The Yolk with Doak, our series with golf architect Tom Doak, returns with Andy visiting Tom in Traverse City, Michigan, and sitting down for a wide-ranging conversation. In this first installment, they field a variety of reader questions. Among other things, they talk about how Tom uses (or resists over-using) template concepts in his work, how his book project on routing has led him to reassess some of his past courses, whether we should look to state golf associations as potential champions of affordable and interesting courses, and how modern green speeds have changed the way we design greens and play the game.
During his long playing career, Brad Faxon won eight PGA Tour events, participated in two Ryder Cups, and became known as one of the best putters in golf history. Currently he serves as an analyst for Fox Sports’ USGA telecasts and a putting consultant to tour pros. Brad joined Andy at the PGA Show to discuss the art of the interview, the mental and emotional dimensions of golf, the importance of good architecture at tournament courses, and Brad’s memories of growing up in Rhode Island and learning about Golden Age design.
At the PGA Show, Andy sits down with Billy Draddy, the creative director at Summit Golf Brands and founder of B. Draddy. They chat about Billy’s youthful days as a caddie at Winged Foot and Brookline before getting into his background in the clothing business. They cover his failures and success, the links between garment and golf course design, the challenges of pushing an against-the-grain product, and the wonders of alpacas.
For the first time since May 2018, we welcome Bill Coore back to the podcast. Andy and Bill discuss the lack of sand bunkers and the tight, intricate routing at Sheep Ranch, Coore & Crenshaw's upcoming course at Bandon Dunes Golf Resort. In addition, they talk about the late Pete Dye, Bill's mentor, and Bill's own Dye-like willingness to hire associates who have little to no golf experience. Andy and Bill cover various other topics, including the recent removal of Trinity Forest, a Coore & Crenshaw design, from the PGA Tour rota; what Bill learned from watching the pros at his recently renovated Plantation Course at Kapalua; and his thoughts on some of golf's most under-appreciated holes.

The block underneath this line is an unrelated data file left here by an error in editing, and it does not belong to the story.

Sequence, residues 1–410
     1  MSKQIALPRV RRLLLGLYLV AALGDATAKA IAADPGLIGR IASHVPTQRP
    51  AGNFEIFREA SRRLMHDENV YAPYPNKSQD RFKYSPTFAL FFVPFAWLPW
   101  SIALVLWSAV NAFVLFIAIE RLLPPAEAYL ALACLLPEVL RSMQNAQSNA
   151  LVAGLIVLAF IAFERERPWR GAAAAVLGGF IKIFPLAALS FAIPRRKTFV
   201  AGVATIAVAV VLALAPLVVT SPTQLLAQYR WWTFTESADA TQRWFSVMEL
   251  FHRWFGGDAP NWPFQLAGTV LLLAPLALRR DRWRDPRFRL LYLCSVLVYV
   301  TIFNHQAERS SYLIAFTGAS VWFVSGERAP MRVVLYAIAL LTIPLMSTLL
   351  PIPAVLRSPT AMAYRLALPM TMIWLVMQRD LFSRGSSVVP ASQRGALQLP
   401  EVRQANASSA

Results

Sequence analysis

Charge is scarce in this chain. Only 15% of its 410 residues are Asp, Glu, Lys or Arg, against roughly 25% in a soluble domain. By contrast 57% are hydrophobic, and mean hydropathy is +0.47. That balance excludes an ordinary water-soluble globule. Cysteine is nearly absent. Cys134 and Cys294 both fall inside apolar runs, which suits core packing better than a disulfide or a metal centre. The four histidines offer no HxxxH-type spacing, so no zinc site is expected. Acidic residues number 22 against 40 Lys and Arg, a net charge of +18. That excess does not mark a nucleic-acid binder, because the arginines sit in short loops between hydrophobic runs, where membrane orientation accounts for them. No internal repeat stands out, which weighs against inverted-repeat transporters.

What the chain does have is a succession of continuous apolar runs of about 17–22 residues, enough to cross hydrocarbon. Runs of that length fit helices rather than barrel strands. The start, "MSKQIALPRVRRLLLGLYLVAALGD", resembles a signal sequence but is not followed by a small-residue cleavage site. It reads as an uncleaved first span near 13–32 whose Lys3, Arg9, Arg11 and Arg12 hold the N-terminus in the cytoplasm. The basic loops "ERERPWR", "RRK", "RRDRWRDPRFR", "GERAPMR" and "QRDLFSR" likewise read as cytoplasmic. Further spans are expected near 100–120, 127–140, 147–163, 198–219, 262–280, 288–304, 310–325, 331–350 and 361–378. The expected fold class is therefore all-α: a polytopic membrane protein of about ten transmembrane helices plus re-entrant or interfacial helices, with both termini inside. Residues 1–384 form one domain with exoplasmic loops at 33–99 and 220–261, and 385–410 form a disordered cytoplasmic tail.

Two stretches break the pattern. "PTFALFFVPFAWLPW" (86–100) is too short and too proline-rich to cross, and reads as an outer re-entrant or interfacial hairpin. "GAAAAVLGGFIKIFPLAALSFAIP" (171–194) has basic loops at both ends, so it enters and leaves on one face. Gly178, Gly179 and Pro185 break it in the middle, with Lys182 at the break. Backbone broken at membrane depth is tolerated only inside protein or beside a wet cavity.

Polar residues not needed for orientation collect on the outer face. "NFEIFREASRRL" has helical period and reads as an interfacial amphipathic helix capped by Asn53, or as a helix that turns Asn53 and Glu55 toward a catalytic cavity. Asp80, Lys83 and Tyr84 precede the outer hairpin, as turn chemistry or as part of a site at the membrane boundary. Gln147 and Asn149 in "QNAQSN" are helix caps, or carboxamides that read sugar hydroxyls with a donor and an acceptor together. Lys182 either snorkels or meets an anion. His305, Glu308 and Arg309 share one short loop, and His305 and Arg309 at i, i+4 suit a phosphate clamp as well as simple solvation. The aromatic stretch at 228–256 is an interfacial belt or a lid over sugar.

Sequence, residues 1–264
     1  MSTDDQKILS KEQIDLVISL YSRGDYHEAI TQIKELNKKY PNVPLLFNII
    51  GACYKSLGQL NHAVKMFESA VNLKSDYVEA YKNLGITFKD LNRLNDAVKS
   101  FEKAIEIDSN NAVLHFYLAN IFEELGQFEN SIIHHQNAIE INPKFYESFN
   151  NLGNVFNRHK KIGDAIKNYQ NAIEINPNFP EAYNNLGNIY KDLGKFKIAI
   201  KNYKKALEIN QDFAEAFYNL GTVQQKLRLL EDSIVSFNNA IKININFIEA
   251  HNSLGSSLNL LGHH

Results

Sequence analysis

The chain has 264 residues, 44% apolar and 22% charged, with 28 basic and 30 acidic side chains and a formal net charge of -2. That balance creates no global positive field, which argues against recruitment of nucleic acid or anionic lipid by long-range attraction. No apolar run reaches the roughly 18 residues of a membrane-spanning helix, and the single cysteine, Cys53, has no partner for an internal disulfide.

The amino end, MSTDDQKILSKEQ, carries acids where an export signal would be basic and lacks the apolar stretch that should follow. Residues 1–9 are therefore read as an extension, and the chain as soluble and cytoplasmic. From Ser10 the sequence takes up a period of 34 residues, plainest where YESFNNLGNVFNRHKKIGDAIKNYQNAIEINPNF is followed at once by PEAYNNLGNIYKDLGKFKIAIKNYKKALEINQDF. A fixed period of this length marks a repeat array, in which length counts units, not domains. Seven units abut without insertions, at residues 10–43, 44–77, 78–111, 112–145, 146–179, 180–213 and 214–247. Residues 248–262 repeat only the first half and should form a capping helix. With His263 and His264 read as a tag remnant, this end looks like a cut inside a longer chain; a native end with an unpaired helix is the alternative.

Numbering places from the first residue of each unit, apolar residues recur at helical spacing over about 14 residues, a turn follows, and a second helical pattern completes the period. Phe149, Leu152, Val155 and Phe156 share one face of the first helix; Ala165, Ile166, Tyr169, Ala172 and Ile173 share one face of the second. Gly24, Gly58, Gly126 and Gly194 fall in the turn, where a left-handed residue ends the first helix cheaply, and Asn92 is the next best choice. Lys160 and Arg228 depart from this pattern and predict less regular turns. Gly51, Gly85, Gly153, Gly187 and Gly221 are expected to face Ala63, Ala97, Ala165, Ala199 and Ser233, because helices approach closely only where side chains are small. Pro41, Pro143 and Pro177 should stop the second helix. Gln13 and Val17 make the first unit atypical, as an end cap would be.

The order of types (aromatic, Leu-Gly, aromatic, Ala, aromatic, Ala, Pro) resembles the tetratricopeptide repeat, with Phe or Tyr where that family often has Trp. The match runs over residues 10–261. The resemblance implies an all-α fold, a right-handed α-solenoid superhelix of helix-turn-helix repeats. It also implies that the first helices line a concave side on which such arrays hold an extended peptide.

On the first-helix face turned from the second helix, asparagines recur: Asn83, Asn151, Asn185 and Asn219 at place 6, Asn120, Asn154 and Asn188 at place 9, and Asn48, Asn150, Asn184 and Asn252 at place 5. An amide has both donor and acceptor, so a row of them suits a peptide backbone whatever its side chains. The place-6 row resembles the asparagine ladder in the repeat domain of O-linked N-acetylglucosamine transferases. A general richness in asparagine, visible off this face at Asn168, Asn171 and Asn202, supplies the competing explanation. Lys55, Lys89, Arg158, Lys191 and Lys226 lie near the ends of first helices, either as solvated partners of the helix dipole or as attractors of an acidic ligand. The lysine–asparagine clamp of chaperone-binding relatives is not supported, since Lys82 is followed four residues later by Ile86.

In honor of the great golf architect Pete Dye, who passed away last week, Andy and Garrett play and discuss several clips from past podcast episodes in which the guests discussed their experiences with Dye. Anecdotes include how Dye’s work inspired Bill Coore to get into golf course design, how Tom Doak’s experience on Dye’s construction crew caused him to turn down an offer from Robert Trent Jones, and how an aerial photo of PGA West changed the direction of Brian Silva’s career. Also featured is a segment from a yet-to-be-released podcast with Kohler Co. (Blackwolf Run, Whistling Straits) Director of Grounds Mike Lee.
Mike Bolan—the owner of the Eagle Springs Golf Resort, the oldest golf course in Wisconsin—joins Andy on the podcast. Andy and Mike talk about the golf course and its history, and how Mike’s family has owned the course since 1893. Mike opens up about the difficulties of ownership in today’s golf landscape and details how he has kept Eagle Springs afloat over the years.
Geoff Ogilvy joins Andy to talk about his experience being an Assistant Captain at the 2019 President's Cup. The two talk about the competition and how the brilliance of Royal Melbourne. Geoff talks about why Royal Melbourne stood out from the typical Tour stop and why it allowed the best players to elevate their games. Beyond the President's Cup Geoff tells the story of his recent walk-off hole in one and Andy and Geoff talk talk about the next decade of golf and make some predictions.
The second installment of our new audio documentary series digs into the history behind the venue of this week's Presidents Cup, Royal Melbourne Golf Club. This Australian gem exists in its current form because, in 1926, the famous British architect Dr. Alister MacKenzie decided to sail across the world and spend two and a half months down under. During his visit, he not only drew up plans for the West Course at Royal Melbourne but also consulted at many golf clubs throughout Australia. His apparent influence on golf in the country was enormous. So the question we ask in this episode is, essentially, how in the world did MacKenzie do all of that in 10 weeks? Or are we all giving him too much credit?Many thanks to Mike Clayton (@mikeclaytongolf), Mike Cocking (@OCMGolf), Neil Crafter (golfstrategies.com.au), and Sean Tully (@tullfescue) for contributing to this story. This episode features music from Kevin McLeod (incompetech.filmmusic.io) as well as Low Light and Borrtex (artlist.io).
Something new on The Fried Egg podcast today! This episode has a documentary format. That is, rather than the usual interview, it takes the form of a story, with voice-overs from Garrett Morrison and excerpts from a conversation with Ladies European Tour player Meghan MacLaren. Think Revisionist History, but without the golf hatred. This is not a permanent format change, obviously—just a new direction we’re exploring.This past year, Meg MacLaren won the Women’s New South Wales Open and placed fifth on the LET Order of Merit, but she's still looking for a way onto the LPGA Tour. In October, she came to the U.S. for LPGA Qualifying School, which culminated with the two-week, 144-hole Q-Series at Pinehurst Resort. This episode tells the story of Meg’s Q-School experience. It also explores her thoughts about Harry Potter, blogging (which she does very well at megmaclaren.com), and the state of the women’s game.
This episode was created and hosted by Garrett Morrison and edited by J Vierck. It features music from Kevin MacLeod, Yehezkel Raz, Borrtex, and Oak and Cherry.